The Bharatiya Kisan Union Lokshakti, one of the farmers’ groups protesting the new agricultural laws, on Saturday requested the Supreme Court to remove the committee appointed by it to resolve the deadlock, noting that it comprised only of those experts who have openly favoured the contentious legislations, Live Law reported on Saturday.
The outfit said the decision to appoint a partisan panel violated “the principle of natural justice”. In an affidavit, the group invoked the rule of “nemo judex in causa sua”, which means that no one should be made a judge in his cause, and the rule of fair hearing. “Without the Principle of Natural Justice being observed, a fair decision cannot be arrived at,” it said.
The affidavit was filed in response to a plea by the Delhi Police, seeking an injunction of the tractor rally planned by farmers on Republic Day. The protesting farmers have threatened to further intensify their agitation by marching to the Capital on January 26.
The farmers’ group noted that the Supreme Court on Tuesday suspended the implementation of the market-oriented laws until a committee of experts, appointed by the court, could consult with government officials and protesting farmers to find an end to the deadlock.
Agricultural economists Ashok Gulati, Pramod Kumar Joshi, Shetkeri Sangthana member Anil Ghanwat along with Bhartiya Kisan Union National President Bhupinder Singh Mann were named in the court-appointed panel. Mann later recused himself from the committee saying that he would always stand with the farmers and Punjab.
All four members tasked with providing expert opinion to the court on the future of the laws have in the past publicly spoken in support of the laws, the farmers’ union said. The experts, it said, exhibited their support for the reforms “through articles penned down in various newspapers and interviews”.
“When all committee members appointed by the Hon’ble Supreme Court already in the favour of these three farm laws and already support the laws, which [are] made and passed by the central government without enough discussion with farmers, then how they can make [a] fair report without any biases before the Hon’ble Supreme Court of India,” the outfit asked in its plea.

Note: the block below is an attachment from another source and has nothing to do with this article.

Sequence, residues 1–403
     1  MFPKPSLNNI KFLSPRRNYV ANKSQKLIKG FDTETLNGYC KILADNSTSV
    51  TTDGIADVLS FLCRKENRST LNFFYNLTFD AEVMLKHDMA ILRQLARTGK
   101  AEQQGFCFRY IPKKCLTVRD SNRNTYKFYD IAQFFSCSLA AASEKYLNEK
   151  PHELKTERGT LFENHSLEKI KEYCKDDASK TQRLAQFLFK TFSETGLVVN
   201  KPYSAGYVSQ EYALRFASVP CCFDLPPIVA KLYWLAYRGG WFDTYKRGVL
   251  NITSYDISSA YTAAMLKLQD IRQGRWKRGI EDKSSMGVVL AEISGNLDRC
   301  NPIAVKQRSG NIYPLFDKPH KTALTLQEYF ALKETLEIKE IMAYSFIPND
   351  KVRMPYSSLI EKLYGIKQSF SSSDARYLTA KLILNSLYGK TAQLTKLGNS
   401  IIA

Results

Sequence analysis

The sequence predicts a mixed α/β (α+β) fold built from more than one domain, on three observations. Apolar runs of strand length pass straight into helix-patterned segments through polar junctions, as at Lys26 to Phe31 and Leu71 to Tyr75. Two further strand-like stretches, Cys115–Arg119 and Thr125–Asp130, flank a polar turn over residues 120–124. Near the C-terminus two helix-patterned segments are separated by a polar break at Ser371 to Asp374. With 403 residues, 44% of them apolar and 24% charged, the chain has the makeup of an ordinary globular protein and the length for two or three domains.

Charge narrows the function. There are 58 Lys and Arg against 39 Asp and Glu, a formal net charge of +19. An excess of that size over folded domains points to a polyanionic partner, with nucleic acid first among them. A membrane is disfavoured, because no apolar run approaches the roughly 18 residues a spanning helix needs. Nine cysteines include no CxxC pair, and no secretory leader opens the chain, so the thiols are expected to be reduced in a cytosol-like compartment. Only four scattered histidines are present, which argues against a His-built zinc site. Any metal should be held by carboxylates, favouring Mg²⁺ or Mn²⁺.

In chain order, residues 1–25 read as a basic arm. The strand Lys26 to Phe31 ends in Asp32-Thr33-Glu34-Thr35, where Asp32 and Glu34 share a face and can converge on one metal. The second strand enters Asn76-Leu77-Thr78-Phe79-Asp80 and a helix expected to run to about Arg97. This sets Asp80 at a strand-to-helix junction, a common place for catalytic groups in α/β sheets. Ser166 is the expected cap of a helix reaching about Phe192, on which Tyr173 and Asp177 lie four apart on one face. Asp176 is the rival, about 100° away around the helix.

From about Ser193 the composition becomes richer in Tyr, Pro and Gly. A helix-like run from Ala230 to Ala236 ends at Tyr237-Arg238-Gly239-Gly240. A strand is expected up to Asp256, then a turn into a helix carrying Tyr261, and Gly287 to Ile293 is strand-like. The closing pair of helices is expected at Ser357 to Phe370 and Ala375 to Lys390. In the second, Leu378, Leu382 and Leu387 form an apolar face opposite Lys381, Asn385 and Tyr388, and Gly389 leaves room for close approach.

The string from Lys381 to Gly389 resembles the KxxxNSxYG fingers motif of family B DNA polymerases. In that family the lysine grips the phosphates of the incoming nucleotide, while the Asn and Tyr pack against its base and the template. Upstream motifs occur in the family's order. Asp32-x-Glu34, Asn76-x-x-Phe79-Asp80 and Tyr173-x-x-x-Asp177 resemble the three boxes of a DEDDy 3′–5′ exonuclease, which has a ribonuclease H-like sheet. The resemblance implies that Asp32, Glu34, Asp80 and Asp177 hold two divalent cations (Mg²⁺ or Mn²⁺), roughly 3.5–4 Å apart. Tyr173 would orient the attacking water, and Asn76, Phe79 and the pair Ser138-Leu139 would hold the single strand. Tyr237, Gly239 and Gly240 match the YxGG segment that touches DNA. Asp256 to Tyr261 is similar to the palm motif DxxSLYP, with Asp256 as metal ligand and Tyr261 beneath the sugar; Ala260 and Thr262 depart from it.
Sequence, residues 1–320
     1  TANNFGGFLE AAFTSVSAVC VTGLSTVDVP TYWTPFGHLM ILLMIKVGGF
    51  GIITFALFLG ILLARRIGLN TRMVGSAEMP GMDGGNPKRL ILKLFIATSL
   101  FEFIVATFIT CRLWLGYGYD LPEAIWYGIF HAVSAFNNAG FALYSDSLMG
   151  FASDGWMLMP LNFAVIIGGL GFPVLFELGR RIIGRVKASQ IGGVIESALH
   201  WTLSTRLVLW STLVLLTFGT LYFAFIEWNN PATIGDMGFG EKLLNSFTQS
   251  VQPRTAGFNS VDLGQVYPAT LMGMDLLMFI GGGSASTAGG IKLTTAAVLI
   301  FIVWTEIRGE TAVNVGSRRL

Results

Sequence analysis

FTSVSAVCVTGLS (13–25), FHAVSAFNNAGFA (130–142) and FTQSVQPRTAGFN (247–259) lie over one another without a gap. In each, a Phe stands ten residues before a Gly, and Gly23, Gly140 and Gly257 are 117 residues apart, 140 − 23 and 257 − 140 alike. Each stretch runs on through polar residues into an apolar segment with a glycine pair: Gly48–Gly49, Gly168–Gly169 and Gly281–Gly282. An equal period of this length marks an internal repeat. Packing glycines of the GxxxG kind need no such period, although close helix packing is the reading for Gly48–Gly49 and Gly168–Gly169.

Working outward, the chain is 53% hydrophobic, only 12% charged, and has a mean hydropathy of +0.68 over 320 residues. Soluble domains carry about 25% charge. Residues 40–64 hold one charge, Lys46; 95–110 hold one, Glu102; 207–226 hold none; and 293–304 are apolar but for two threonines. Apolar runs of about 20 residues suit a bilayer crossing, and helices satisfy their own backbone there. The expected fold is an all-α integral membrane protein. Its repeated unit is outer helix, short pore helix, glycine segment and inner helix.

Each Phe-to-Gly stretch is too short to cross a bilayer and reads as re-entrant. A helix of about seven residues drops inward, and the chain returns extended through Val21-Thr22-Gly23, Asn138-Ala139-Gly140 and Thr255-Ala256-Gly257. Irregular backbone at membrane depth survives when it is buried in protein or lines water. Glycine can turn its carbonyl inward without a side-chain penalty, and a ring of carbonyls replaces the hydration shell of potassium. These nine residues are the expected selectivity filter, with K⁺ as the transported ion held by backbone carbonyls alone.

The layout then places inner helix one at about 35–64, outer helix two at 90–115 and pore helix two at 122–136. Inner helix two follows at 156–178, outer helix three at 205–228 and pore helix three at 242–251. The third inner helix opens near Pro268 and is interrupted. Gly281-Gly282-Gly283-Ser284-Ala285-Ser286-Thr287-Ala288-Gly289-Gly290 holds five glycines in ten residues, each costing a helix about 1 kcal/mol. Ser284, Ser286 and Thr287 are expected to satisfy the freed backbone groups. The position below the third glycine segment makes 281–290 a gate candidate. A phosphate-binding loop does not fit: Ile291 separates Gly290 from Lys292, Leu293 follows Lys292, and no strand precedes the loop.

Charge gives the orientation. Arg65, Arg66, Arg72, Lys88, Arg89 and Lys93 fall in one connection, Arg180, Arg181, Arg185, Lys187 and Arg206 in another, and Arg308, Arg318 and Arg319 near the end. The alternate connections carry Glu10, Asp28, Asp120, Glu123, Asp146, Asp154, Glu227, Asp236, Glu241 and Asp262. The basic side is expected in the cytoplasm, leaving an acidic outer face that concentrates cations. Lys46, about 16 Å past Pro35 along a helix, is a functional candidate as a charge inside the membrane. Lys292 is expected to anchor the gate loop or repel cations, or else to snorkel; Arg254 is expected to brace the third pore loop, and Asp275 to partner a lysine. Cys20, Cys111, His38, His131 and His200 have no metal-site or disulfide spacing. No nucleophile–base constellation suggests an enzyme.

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Further, in light of Mann recusing himself from the panel, the group said there existed “a burden on the other three members to stand down as well”.
The farmers group, therefore, requested the Supreme Court to remove the three members of the committee, and instead appoint those “who can make a report on the basis of mutual harmony, who can think fully about the interest of the farmers of India with impartiality, trust, goodwill, and appoint neutral and impartial personality of the country, not related to any political party”.
Tens of thousands of farmers continue to camp on the outskirts of Delhi, protesting for the repeal of the three laws passed in September. The farmers believe that the new laws undermine their livelihood and open the path to the corporatisation of the agricultural sector.
The government, on the other hand, maintains that the new laws will give farmers more options in selling their produce, lead to better pricing, and free them from unfair monopolies. The law passed in September are meant to overhaul antiquated procurement procedures and open up the market, the government has claimed.
Talks between the government and farmers’ unions yet again remained inconclusive on Friday, as protesting leaders stayed firm on their demand for repealing the new agricultural laws. This was the ninth round of discussions over the drawn-out dispute, which again failed in ending the weeks-long stalemate. The next round of talks will take place on January 19.